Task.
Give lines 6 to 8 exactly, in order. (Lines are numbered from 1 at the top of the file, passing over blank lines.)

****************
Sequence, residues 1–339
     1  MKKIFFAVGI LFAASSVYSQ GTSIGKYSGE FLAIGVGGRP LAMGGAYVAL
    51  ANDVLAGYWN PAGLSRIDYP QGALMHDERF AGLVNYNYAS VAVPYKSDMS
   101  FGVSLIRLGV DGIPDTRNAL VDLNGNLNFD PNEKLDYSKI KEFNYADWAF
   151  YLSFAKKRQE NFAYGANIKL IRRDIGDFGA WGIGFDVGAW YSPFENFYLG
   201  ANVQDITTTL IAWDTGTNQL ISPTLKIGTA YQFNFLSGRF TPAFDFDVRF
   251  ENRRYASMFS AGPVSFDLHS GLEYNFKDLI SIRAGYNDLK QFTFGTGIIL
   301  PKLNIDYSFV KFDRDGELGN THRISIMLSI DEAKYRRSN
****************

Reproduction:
   201  ANVQDITTTL IAWDTGTNQL ISPTLKIGTA YQFNFLSGRF TPAFDFDVRF
   251  ENRRYASMFS AGPVSFDLHS GLEYNFKDLI SIRAGYNDLK QFTFGTGIIL
   301  PKLNIDYSFV KFDRDGELGN THRISIMLSI DEAKYRRSN